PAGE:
Terry Gilliam’s TIME BANDITS is a strange film to put your finger on. One is often dazzled by the production design and imagination on display, yet frustrated with a lack of story.

Kevin (Craig Warnock, TV’s TO THE LIGHTHOUSE) is awoken from his sleep one night when a medieval knight bursts forth from his closet. Apparently, a wormhole ends in his room and some renegade employees of the Supreme Being (Ralph Richardson, DOCTOR ZHIVAGO) smuggle young Kevin along with them. Randall (TV’s THE WIZARD) is the leader of the Time Bandits, which includes Fidgit (Kenny Baker, STAR WARS), Strutter (Malcolm Dixon, WILLY WONKA & THE CHOCOLATE FACTORY), Og (Mike Edmonds, WHO FRAMED ROGER RABBIT), Wally (Jack Purvis, BRAZIL) and Vermin (Tiny Ross, FLASH GORDON). The dwarf thieves have a map that shows them all the wormholes in the universe and have decided to travel through time to steal vast riches because they are upset with the Supreme Being for relegating them to making trees for eternity.

Blogs MY DINNER WITH ANDRE (1981) (****)

This notorious “art” film weaves a spell over all that have seen it — whether they say they liked it or not. It’s notorious in that it dares to be completely unlike anything you have ever seen before. Director Louis Malle (ATLANTIC CITY) makes a film that Roger Ebert calls the only film free of all clichés. I’d have to agree with that statement.

The title is also a description. Two old friends have dinner and that’s about it. A short prologue with Wally (Wallace Shawn, THE PRINCESS BRIDE) walking to the restaurant provides some backstory via voice over.

Wally is a struggling actor/author/playwright who is going to dinner with an old friend he has been avoiding for a year or so. That friend is Andre (Andre Gregory, THE LAST TEMPTATION OF CHRIST), a New York theater director, who was pretty big, but then dropped out of the scene for five years to travel the world.

Blogs SUPERFLY (1972) (***1/2)

SUPERFLY is another one of the landmark films of the short-lived blaxploitation era, which lasted from the early 1970s to about 1976. It’s not as groundbreaking as SWEET SWEETBACK'S BAAD ASSSSS SONG or as mainstream as SHAFT, but it has more interesting things to say than either of those films. Part of what makes the film so interesting is its mixed message. The informed viewer can easily see what the film is trying to say, but its negative influence on impressionable youth can be seen as well. It’s credited as making the drug-dealing pimp look of the early 1970s chic.

Ron O’Neal (WHEN A STRANGER CALLS) plays Youngblood Priest, a cocaine-using, cocaine-dealing ladies man. He uses women like they’re Kleenex. He’s decked out in superfly clothes and has the sweet El Dorado Cadillac. One can see why the older African-American generation didn’t want him as a role model for their kids. However, what the film is saying is that Priest is a product of his environment. He was fed all the same materialistic ideals that white kids are fed, but is not given the means to attain those American dreams in conventional ways.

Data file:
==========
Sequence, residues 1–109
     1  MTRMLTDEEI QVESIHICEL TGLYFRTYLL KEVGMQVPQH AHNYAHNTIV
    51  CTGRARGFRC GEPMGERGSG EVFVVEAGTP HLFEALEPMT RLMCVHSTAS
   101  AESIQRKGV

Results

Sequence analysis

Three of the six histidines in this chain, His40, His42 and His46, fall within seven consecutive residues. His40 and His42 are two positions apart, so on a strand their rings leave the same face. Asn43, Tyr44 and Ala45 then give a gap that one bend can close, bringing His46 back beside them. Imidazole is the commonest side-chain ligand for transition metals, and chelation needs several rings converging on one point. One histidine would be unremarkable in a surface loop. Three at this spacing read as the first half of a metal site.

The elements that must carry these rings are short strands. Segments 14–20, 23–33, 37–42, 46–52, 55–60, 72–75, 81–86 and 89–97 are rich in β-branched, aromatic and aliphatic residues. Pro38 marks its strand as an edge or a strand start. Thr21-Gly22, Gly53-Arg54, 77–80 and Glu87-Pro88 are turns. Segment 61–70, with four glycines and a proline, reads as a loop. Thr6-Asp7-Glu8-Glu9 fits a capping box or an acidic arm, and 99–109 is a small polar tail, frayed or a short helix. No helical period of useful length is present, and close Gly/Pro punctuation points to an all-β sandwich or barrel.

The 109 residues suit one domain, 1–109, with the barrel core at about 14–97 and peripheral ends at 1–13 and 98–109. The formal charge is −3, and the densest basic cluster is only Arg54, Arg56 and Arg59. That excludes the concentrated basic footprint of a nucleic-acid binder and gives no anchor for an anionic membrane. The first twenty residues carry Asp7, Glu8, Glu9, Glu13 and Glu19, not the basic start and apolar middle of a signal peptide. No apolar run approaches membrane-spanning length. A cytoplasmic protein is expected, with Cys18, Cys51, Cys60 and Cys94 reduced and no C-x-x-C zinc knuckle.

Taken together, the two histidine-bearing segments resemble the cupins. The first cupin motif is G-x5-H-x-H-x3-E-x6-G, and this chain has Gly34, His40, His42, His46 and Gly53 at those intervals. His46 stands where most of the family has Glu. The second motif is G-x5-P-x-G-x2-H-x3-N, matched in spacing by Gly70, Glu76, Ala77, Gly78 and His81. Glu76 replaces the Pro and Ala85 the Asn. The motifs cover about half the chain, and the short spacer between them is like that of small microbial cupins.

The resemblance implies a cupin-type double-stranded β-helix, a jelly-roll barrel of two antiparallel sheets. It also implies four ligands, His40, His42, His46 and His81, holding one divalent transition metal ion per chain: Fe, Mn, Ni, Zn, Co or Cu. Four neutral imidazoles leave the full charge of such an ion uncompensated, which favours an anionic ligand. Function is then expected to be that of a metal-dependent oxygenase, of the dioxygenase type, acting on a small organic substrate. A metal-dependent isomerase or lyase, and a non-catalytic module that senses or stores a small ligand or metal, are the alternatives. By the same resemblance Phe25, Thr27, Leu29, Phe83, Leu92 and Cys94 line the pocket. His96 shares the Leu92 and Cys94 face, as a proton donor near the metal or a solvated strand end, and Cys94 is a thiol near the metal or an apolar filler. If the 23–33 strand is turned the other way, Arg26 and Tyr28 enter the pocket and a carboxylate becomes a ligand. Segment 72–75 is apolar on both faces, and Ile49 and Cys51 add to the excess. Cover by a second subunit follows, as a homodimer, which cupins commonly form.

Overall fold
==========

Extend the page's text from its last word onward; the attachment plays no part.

Blogs THE MISFITS (1961) (****)

In retrospect, THE MISFITS has taken on a grander, more haunting feel now that we know more about what would happen to the people who made it. It serves as the last and arguably best screen performances for both Clark Gable and Marilyn Monroe. Written by playwright/Monroe’s husband Arthur Miller and directed by vet John Huston (THE TREASURE OF THE SIERRA MADRE), the story has a slow build to a perfectly realized conclusion.

Roslyn Taber (Monroe) has just gotten a divorce in Reno from her husband, who we can infer was at least mentally abusive to her. To start the film, Roslyn has been in a car accident and the mechanic Guido (Eli Wallach, THE GOOD, THE BAD AND THE UGLY) offers Rosyln and her new friend Isabelle Steers (Thelma Ritter, REAR WINDOW), who owns the boarding house where Roslyn is staying, a ride to the courthouse. Afterward, Guido asks them out for drinks, where they meet suave, aging cowboy Gay Langland (Gable).

Blogs SIMON OF THE DESERT (1965) (***1/2)

Luis Buñuel often dealt with the hypocrisy of society — especially the Catholic Church — in his films. This 45-minute film is an extremely subtle and surreal satire of religious piety.

St. Simon (Claudio Brook, THE EXTERMINATING ANGEL) lives in the 4th Century atop a pillar where he preaches to passers-by for six years, six months and six days. The story begins with a rich man giving Simon an even taller pillar to stand on. The townsfolk literally put him on a pedestal. Simon shames the priests’ piety with his devotion. From time to time, he has visions of the devil (Silvia Pinal, VIRIDIANA) as woman with a water jug, a tempting schoolgirl and an androgynous Greek with one breast bare and wearing a beard.

Blogs LIGHT SLEEPER (1992) (***)